(Tuesday Pre-Market) Today, all eyes will be on the Federal Reserve—really on its chairwoman Janet Yellen, who is speaking at the Economic Club of New York. What’s Yellen’s take on the economy?
That’s interest rates we’re talking about here. On March 16, the Fed decided to stand pat on rates, and Yellen acknowledged to reporters later that she’s worried that the economy is still a little unhinged and doesn’t understand why wages haven’t been on the upswing as unemployment dips. A handful of Fed members and a flurry of Wall Street analysts came out last week and said those fears are overrated. Hawkish Fed members said in speeches that a rate hike could be on the table as soon as the Fed’s April meeting. The markets don’t see that, according to the CME’s FedWatch tool, which is tracking lower on rate hikes in April and June.
Yellen might be able to offer more insight to that, considering that we’re starting to get a clearer picture of what’s really going on in the economy with this week’s boatload of economic reports. And the real proof in the economic pudding could come with Friday’s non-farm payroll reports, a highlight of the jam-packed schedule.
Meanwhile, consumer spending has been zigzagging for months now. On Friday, the Commerce Department raised its Q4 2015 gross domestic product reading to an annual pace of 1.4%. It revised consumer spending growth to 2.4%, which fueled the GDP projection to 1.4% from 1%.
But Monday’s economic data cast a long shadow on the strength of the economy. The Commerce Department released reports that showed the economy is growing at a lackluster pace below 1% for the first quarter. The 0.6% annualized pace now on the radar for the first three months of the year is a reflection of slowing consumer spending, which generates two-thirds of the U.S. GDP, according to the data. In February, consumer spending barely budged at 0.1%, which matched anemic gains in January and December. Personal incomes in February also slowed to a 0.2% rise compared with January’s 0.5% increase. How did that happen? Wages and salaries dipped 0.1%—their first decline since September. That prompted the Atlanta Fed to trim its GDP forecast on consumer spending to an increase of 1.8%, down from an earlier projection of 2.5% for the quarter.
Also on the docket today is consumer confidence data. Do consumers feel the angst that the data is showing?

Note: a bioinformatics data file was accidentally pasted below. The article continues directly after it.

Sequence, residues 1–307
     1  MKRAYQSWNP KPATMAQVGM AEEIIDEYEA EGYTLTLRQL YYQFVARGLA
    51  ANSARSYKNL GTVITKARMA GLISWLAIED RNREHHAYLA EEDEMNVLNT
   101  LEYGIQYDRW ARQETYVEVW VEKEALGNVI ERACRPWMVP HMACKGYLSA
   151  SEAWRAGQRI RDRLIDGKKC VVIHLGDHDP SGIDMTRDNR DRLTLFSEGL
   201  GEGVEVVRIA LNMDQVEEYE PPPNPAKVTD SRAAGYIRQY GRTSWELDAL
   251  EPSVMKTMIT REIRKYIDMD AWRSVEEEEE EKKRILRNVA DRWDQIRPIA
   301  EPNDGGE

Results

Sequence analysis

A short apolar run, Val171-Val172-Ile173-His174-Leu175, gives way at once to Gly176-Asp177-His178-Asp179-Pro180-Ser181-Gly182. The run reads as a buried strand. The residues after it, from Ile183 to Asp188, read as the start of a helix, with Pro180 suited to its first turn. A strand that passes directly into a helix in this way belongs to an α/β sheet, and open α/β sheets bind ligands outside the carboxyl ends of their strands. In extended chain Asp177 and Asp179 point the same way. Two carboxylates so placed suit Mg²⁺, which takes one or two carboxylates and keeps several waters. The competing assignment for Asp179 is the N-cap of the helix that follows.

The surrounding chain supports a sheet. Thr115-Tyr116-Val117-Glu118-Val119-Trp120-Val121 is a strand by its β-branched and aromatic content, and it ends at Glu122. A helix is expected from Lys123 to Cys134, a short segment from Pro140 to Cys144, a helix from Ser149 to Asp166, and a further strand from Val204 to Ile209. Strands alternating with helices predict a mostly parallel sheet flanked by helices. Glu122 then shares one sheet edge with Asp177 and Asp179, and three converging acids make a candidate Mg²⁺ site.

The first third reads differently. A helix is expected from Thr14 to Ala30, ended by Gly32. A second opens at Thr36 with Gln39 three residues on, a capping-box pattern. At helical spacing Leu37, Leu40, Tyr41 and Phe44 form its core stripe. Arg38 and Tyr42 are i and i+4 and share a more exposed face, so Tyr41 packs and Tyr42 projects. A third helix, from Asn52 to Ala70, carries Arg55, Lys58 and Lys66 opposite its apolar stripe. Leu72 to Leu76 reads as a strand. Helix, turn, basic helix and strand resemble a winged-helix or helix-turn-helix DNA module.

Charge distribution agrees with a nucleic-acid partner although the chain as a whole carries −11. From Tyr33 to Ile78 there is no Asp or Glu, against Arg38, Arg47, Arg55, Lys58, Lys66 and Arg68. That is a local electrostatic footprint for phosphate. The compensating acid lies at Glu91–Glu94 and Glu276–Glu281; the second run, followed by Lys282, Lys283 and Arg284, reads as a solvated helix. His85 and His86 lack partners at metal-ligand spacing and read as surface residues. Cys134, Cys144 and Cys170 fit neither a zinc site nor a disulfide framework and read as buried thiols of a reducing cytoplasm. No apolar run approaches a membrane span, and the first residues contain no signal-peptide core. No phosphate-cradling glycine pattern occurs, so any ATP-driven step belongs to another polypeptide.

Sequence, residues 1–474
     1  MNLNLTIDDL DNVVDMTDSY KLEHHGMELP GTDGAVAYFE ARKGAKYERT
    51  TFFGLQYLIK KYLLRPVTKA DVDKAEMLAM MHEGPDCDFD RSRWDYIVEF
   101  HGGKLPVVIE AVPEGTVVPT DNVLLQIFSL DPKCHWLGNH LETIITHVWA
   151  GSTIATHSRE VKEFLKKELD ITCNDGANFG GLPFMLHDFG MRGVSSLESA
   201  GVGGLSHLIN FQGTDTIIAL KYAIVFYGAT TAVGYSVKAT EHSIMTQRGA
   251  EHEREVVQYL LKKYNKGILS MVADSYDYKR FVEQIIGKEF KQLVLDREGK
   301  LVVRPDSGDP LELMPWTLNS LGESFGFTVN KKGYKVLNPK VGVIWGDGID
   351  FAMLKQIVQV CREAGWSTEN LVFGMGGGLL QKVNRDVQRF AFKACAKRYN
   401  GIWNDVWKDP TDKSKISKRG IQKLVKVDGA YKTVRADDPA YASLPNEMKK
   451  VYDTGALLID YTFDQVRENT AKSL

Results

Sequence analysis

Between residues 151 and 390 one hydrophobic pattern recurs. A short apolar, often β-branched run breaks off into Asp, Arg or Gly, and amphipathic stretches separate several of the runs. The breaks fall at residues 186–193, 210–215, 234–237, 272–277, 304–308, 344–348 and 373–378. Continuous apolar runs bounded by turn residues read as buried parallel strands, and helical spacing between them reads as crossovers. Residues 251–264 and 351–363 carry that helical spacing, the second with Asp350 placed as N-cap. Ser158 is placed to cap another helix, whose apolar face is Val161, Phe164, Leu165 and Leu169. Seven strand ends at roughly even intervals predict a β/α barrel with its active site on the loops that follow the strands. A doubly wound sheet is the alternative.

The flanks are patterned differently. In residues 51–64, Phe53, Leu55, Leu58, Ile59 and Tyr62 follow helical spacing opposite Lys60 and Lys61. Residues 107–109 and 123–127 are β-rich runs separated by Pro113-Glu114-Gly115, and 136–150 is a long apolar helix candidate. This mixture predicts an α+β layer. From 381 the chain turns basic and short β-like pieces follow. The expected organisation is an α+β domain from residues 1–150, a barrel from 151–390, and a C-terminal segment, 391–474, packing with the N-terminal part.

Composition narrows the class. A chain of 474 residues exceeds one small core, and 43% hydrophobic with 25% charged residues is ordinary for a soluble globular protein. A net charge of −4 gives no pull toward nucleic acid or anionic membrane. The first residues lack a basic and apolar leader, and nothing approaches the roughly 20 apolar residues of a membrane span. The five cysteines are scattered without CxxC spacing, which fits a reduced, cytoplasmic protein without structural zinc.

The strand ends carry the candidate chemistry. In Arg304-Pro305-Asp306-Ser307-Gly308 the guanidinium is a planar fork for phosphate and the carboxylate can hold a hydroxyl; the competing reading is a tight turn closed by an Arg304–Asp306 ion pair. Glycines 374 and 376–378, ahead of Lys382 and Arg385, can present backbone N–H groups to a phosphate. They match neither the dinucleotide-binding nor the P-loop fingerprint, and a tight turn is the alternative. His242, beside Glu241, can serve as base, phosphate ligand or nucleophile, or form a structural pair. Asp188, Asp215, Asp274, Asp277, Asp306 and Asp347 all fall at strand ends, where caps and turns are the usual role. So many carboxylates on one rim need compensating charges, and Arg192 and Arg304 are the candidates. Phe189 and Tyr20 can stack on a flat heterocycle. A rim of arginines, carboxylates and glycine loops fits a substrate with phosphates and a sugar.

The markets were mostly muted Monday amid slow trading. The shutdown of the U.S. Capitol after shots rang out from a lone gunman triggered a mini retreat into negative territory but the Dow and the Nasdaq managed to climb into positive ground just barely by 0.1% on both at the close. The S&P 500 ended its three-day losing streak to close up 0.05%. Crude oil prices stayed below $40, losing a penny on the day, and safe-haven gold added $2 by the close.
Justice Department Got into Terrorist’s iPhone. And that ended the legal clash between Apple (AAPL) and the U.S. government. Without giving details, the Justice Department said late Monday that it was dropping the legal action that would have forced AAPL to compromise its own security. Someone else apparently did, according to Justice, which wanted to see emails, text messages, phone logs, and anything else on the iPhone of Syed Rizwan Farook. He was the gunman in the mass shooting in San Bernardino, Calif. “The government has now successfully accessed the data stored on Farook’s iPhone and therefore no longer requires the assistance from Apple,” the Justice Department said in court papers. Game over? Probably not. Apple wants to know how the iPhone was hacked. IPhone users want to know if the government—or anyone else, for that matter—can break into their phones. What’s more, The Wall Street Journal opines, “It leaves unresolved the future of reasonable searches under the Fourth Amendment.” Stay tuned.
Who Wants Starwood? That’s the $64 million question of the day. Anbang Insurance Group, a complicated conglomerate of corporate shareholders, upped the bidding Monday to a $14 billion all-cash offer for Starwood Hotels & Resorts. Marriott, meanwhile, stays pat on its $13.6 billion offer in a bidding war that has been going on for almost a month. Anbang already has made three unsuccessful offers last year to buy the chain, according to The Wall Street Journal. The last offer was withdrawn in early November, in the middle of a meeting no less, after Starwood bankers pressed Anbang on the nuts and bolts of how it would pay for the hotel giant. Anbang told the WSJ that it is owned by more than 30 investors. And it’s that opaque web that appears to worry Wall Street, according to the WSJ.
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